Bel Air: Betrayed by the UN

Bel Air: Betrayed by the UN

by Leslie Bagg and Aaron Lakoff

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To view the photos which accompany this story, visit;
http://gallery.cmaq.net/belair
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January 6, 2006 - Port au Prince, Haiti

Our second day in Haiti brought us to the slum of Bel Air, an area extremely
different than other areas of Port au Prince. Not far from the glistening
Palais Nationale, Bel Air is a poor neighborhood which has been hit hard since
the February 2004 coup. It's own residents describe a campaign of political
.cleansing" happening here. Bel Air has been the site of several massacres. On
June 4 2005, CIVPOL (UN .Civilian. Police . now known as UNPOL) forces killed
14 people. On February 25 2005 14 people were killed by police as Brazilian UN
soldiers looked on. Our brief visit today gave us a good idea of the impact
that this cleansing has on people's daily lives.

UN Brazilian MINUSTA (Mission Nations Unies de Stabilization en Haiti) forces
are omnipresent here, sitting at checkpoints behind roadblocks on the street
and patrolling around. Directly adjacent to one of the checkpoints sits one of
the taller buildings of the area - a building which has been occupied by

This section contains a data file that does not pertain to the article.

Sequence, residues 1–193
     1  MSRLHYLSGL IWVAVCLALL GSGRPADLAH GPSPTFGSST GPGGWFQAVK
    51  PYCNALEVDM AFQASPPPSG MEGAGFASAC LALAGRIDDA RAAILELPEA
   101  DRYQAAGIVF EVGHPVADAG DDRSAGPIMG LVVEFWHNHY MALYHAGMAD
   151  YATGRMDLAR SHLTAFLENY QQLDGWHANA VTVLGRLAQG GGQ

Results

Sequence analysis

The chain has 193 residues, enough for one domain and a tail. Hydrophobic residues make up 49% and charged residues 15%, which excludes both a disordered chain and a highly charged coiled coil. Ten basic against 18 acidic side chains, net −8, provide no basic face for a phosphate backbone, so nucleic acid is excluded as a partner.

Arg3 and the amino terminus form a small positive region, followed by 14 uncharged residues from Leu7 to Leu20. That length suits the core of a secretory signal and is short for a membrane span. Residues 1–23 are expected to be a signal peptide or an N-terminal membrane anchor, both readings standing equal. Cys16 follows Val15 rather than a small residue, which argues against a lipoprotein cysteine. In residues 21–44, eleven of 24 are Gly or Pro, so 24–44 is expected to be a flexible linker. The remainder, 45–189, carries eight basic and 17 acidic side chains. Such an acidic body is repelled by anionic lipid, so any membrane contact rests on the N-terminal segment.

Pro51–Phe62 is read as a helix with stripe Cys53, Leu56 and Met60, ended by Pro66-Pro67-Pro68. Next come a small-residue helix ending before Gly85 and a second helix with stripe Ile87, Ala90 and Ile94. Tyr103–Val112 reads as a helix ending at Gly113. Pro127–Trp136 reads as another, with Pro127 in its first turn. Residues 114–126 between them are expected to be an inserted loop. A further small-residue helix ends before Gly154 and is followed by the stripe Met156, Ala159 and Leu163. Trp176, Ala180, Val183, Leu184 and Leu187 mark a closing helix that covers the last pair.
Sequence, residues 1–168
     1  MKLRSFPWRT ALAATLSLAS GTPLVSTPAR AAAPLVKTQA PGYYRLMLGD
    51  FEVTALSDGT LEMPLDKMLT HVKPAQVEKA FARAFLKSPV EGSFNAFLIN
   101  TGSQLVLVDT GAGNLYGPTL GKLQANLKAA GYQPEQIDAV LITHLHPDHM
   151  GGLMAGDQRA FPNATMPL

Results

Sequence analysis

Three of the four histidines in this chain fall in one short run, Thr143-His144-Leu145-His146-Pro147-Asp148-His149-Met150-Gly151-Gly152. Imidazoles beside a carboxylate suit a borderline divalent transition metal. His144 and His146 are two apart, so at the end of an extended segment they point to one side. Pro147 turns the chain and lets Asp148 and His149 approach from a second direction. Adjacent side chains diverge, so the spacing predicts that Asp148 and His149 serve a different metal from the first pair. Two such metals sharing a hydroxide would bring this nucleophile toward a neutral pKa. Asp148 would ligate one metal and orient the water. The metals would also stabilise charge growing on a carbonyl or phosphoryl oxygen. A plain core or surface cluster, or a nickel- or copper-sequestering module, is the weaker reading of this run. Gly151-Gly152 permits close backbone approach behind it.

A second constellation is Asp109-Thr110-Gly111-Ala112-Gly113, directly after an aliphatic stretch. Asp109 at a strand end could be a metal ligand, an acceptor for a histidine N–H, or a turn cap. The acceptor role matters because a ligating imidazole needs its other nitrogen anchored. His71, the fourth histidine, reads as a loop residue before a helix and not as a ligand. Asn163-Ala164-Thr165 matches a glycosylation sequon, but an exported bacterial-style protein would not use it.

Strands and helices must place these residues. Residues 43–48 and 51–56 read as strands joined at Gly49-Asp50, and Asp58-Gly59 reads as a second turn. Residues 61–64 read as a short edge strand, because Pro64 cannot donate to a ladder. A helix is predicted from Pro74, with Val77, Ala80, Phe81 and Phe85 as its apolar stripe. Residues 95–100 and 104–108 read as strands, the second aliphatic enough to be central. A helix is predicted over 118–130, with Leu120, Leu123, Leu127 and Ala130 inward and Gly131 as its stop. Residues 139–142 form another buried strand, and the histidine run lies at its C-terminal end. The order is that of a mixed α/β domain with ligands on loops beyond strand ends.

MINUSTAH. Military camouflage netting is draped from the windows, and soldiers
peer down at the street.

As we walk by and snap photos, one soldier comes running out of a building. He
stops us and demands to see our press passes. American independent journalist
Kevin Pina explains that this is the first time they have done this. Their
efforts to control the press seem to have gone up a notch. As the soldiers
write down our names it becomes clear that they don't want journalists roaming
freely here. They invite us on a press tour in Fort National, another area of
Port au Prince. Journalists who go on these tours are escorted around by armed
guards, speak to the people the UN want them to speak to and see what they want
them to see. We decline.

Perhaps the MINUSTA have good reason to be nervous for the world to see what
they have been doing in places like Bel Air. Later in our visit, we have a
chance to meet with Robert Montinard, the coordinator of a group called Zakat
Enfant. He explains to us that his group has been a bridge between the UN and
the community. Unfortunately it is a bridge that is quickly burning.

After a meeting between community leaders and UN officials to discuss human
rights abuses in the community, Zakat Enfant signed a contract with the UN to
help them implement their program - DDR: Disarmament, Demobilization, and
Reinsertion. The deal was that youth in the neighborhood would give up their
arms, and in return they would not be arrested or harassed (unless they do
something else wrong) and the UN would provide badly needed social programs.
Bel Air is a neighborhood where many children can go up to 3 days without food
and do not have a chance to go to school or have access to health care. It
sounds nice, except there's one problem . the UN isn't holding up their part of
the deal.

Since the beginning of the program, dozens of people have given up their guns,
but all they've gotten in return is a passcard with their picture on it, part
of the UN's program of social control. Eloi, for example, is a local kid we
met who traded in his gun under DDR. In return, all he got was his plastic UN
photo id which will theoretically allow him to get through the UN checkpoints
unbothered.